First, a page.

I have to ask…..Betsy McCaughey says:

Keeping doctors informed of the newest medical findings is important, but enforcing uniformity goes too far

Why exactly? Do you want each physician trying his own brand of medicine, sampling different techniques, reading about some new innovation or drug and using that. You only have to look at the lack of science behind the Alternative Medicine billion dollar industry in Trick or Treatment to get a sense of how easy it is to be deceived into believing something offers value when it does not. Then look at the low compliance with known treatment protocols to understand that the system and its care givers are creaking under the strain of overwhelming data and choices. This from the AHRQ site on quality measures:

In one study, the overall rate of prescribing beta-blockers to patients after suffering an acute myocardial infarction (AMI) was 50%, and the rates of prescribing for family physicians was lower than those of specialists.

Yet we know this saves lives. But perhaps it is Betsy’s view that we are wrong to see healthcare as a “cost problem instead of a growth industry” and suggesting Healthcare “produces almost 17% of the nations’s GDP”……this is just astounding. I am certain that our car industry does not want to see healthcare as growth industry. They cited healthcare costs as a major contributor to their difficulty in competing.

If we made every last cent of our available resources available to pay for healthcare we would still not have enough. The industry and our technology will continue to create treatments, drugs, therapies to consume those resources (and typically those treatments are of higher in cost especially when first launched).

None of this is easy – but the resources are limited and as such there must be some mechanism to share the care and get the best we can for as many that we can. We don’t currently on all the generally accepted healthcare quality metrics and we pay by far the most per head of population. The system is broken. Left to our own devices we all clutch at any possibility no matter how remote or how unlikely the improvement in outcome might be (and in some cases actually harmful).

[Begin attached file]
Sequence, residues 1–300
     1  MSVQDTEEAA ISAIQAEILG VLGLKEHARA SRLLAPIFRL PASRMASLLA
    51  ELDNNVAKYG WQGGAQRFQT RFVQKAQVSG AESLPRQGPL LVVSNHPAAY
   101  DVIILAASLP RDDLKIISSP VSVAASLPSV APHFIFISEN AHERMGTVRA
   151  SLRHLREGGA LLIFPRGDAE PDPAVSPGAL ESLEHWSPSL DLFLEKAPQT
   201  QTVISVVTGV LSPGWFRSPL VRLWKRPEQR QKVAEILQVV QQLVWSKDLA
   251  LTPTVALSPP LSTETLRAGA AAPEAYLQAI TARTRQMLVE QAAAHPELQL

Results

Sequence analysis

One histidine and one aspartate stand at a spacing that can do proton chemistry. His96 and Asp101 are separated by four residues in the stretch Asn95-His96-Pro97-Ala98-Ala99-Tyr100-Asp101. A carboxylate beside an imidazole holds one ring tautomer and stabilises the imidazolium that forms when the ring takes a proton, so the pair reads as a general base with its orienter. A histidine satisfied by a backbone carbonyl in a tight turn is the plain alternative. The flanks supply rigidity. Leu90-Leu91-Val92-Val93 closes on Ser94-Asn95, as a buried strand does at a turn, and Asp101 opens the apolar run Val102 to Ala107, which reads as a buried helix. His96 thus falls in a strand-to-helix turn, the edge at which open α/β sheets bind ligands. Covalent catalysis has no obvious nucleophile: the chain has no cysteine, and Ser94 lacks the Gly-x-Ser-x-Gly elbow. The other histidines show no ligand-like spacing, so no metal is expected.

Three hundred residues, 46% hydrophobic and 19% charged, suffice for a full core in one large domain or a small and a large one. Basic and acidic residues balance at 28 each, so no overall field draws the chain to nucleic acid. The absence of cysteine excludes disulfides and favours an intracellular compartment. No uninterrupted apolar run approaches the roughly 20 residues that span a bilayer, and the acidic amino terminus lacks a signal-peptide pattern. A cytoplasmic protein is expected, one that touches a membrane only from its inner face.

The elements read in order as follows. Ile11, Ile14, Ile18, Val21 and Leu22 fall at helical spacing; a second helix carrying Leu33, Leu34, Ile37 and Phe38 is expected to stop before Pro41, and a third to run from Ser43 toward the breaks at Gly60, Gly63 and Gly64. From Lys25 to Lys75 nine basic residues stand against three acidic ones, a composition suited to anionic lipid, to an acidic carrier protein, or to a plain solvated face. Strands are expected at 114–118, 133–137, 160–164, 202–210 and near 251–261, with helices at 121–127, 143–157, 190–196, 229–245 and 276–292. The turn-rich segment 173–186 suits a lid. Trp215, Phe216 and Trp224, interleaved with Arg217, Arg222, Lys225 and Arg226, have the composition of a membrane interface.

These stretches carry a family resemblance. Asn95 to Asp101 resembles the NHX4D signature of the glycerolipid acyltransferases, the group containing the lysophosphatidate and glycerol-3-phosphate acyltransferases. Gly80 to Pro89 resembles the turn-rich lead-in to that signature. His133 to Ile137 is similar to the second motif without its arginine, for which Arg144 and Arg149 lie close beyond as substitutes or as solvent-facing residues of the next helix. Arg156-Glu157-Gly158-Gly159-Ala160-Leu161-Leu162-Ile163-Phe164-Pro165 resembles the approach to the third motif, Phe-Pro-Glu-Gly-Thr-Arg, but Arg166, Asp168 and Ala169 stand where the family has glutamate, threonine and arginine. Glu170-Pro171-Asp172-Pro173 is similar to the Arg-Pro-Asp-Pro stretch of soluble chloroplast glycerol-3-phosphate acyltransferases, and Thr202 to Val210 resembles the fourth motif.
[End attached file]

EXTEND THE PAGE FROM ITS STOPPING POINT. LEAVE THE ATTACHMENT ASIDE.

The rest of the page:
Perhaps the alternative is to leave it to the individual – put the patients in a room and ask them to justify the treatment amongst themselves and share the limited available dollars on the care. When they agree the care can be delivered. Of course that won’t work – no one wants to face those difficult choices or decisions and overlaying the additional emotional burden on this decision is not going to help. So others will have to make some of these choices and providing sufficient data to make informed decisions is essential and trying to apply some level of analysis and data to try and make it as “fair” as possible.

Agree…..disagree let me know. This is nto an easy issue but it does need to be addressed as satus quo is failing…rapidly.

Who Should Pay for Healthcare

Posted in Healthcare Policy, NHS, Primary Care, Uncategorized by drnic on February 10, 2009

A recent twitter on my part to an article by Health Imaging titled: “Americans want healthcare reform, but divided on how to pay for it” raised some comments that are worth exploring. The simplistic 4 word response I got back from one individual:

The Government should pay

Simply passes the responsibility from individuals to a group who receive power, authority and most importantly money from the same individuals . They are then charged with the responsibility of sharing out the limited resources “fairly”. As history has vividly demonstrated the challenge with fairness and charging a smaller group with equal distribution and fairness is problematic. George Orwell’s allegorical novel Animal Farm detailed some of these challenges.

Healthcare remains a central challenge to countries worldwide. Those with more resources do spend more of them on healthcare for their population. But there is no bottomless pit of money to pay for healthcare and unfortunately as the population gains increasing access to better healthcare their reaction is not satiation to the higher levels and increased life expectancy but wanting more. Countries approach this challenge in different ways – the UK healthcare system rationed healthcare with waiting lists and limited availability. In recent years they have attempted to define the rationing standards for healthcare under the banner of the “National Institute for Health and Clinical Excellence (NICE)“. A recent ruling on drug therapy